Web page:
5. Ranger AAI-19787 Adirondack Alcohol Ink
Creative folks love to mix colors! Whether you want to expand your palette or create gradients, this set of alcohol inks is your best bet. I know this is stating the obvious but Copic markers are alcohol-based as well so there is no issue on compatibility.
Besides the paper, I can also use these inks on other materials like metal, foil, glass, resin, and many more. Moreover, I can produce a polished effect on non-porous surfaces. In terms of paper, this type of ink works best with synthetic paper such as Yupo.
Apart from stamping, this ink allows me to approach my art using other techniques that cannot be done with markers alone. For instance, I can “drop and pour” the inks on paper, which produces random circular shapes.
Alternatively, I can also use this ink to spread the color to make across the paper with cotton swabs and rounds. If I want to create foliage, I can simply use a paintbrush to manipulate the ink, which is very easy to do. Regardless of the surface, you apply these inks on, and the colors show up vibrantly.
What kind of Ink Do You Use with Copic Markers
In terms of compatibility, the first thing to remember is that Copic markers use alcohol-based inks. Ink geeks know the chemistry behind how each substance reacts to each other. For those of us who just want to create artworks and want to skip the technicalities, let’s make it simpler. What you need is something that doesn’t smear or bleed.
The inks I featured in this review are safe to use with Copic markers. Alcohol proof ink is essentially dye-based and pigment inks. This can be in a form of ink pads or ink bottles.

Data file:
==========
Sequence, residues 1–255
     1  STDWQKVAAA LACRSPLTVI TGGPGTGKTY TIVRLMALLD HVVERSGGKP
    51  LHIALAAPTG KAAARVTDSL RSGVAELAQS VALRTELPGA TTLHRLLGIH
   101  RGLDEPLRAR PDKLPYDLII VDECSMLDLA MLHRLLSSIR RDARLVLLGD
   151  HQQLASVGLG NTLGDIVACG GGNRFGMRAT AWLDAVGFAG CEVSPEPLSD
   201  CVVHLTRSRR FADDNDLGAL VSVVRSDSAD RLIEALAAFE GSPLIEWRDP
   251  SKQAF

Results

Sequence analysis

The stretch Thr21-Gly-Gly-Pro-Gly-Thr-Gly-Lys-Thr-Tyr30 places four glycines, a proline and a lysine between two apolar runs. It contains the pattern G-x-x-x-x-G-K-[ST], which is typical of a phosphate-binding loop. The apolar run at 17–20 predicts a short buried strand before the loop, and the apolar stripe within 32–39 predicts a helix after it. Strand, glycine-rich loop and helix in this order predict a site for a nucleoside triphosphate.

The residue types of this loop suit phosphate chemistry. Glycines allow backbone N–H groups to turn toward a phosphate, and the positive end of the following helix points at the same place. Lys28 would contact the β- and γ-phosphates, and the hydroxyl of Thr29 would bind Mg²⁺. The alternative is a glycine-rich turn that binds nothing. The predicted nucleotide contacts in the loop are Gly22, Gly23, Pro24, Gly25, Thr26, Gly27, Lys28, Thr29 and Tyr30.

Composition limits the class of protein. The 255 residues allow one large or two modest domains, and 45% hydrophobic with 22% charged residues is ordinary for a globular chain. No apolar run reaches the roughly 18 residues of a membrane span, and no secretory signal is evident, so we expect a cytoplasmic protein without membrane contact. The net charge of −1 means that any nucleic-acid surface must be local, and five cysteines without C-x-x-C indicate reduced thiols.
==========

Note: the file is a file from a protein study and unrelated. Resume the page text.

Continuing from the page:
However, it must be noted that each product comes with a different set of instructions. The drying process and drying time also vary depending on the surface and type of ink you use.
Can You Use India Ink with Copic Markers
In my research, many artists have discouraged the use of India ink alongside Copic. However, certain brands of India ink claim that they are “Copic-proof.” Before buying an India ink, be sure to read the label of the product. If you want to stay on the safe side, dye-based inks are your best bet.
One of the advantages of using Copic markers is that it helps us produce beautiful blends of colors. On top of that, these alcohol-based markers are the top choice for mixed-media illustrations and crafts. Aside from watercolor, you can venture into crafts that involve alcohol-based stamp ink or produce various coloring effects.
For beautiful results, I highly recommend using the best ink to use with Copic markers. Coloring and stamping will never be the same again. As you know by now, these products let you work not just on paper but also on other types of materials.